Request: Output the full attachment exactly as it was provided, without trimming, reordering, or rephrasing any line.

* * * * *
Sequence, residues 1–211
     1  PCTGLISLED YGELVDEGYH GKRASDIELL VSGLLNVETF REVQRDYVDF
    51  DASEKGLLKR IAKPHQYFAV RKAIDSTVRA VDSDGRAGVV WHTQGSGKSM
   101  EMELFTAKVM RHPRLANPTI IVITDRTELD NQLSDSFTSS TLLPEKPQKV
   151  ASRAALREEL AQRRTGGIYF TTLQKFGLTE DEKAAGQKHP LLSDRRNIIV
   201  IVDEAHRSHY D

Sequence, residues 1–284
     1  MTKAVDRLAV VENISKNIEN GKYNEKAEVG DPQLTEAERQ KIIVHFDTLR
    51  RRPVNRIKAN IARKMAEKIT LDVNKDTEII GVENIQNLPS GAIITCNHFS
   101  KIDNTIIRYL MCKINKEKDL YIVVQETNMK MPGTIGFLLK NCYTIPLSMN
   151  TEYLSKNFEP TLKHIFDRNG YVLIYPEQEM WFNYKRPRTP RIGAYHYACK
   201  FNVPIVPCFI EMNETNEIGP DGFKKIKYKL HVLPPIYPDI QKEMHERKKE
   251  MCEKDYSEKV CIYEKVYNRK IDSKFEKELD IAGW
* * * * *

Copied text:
Sequence, residues 1–211
     1  PCTGLISLED YGELVDEGYH GKRASDIELL VSGLLNVETF REVQRDYVDF
    51  DASEKGLLKR IAKPHQYFAV RKAIDSTVRA VDSDGRAGVV WHTQGSGKSM
   101  EMELFTAKVM RHPRLANPTI IVITDRTELD NQLSDSFTSS TLLPEKPQKV
   151  ASRAALREEL AQRRTGGIYF TTLQKFGLTE DEKAAGQKHP LLSDRRNIIV
   201  IVDEAHRSHY D

Sequence, residues 1–284
     1  MTKAVDRLAV VENISKNIEN GKYNEKAEVG DPQLTEAERQ KIIVHFDTLR
    51  RRPVNRIKAN IARKMAEKIT LDVNKDTEII GVENIQNLPS GAIITCNHFS
   101  KIDNTIIRYL MCKINKEKDL YIVVQETNMK MPGTIGFLLK NCYTIPLSMN
   151  TEYLSKNFEP TLKHIFDRNG YVLIYPEQEM WFNYKRPRTP RIGAYHYACK
   201  FNVPIVPCFI EMNETNEIGP DGFKKIKYKL HVLPPIYPDI QKEMHERKKE
   251  MCEKDYSEKV CIYEKVYNRK IDSKFEKELD IAGW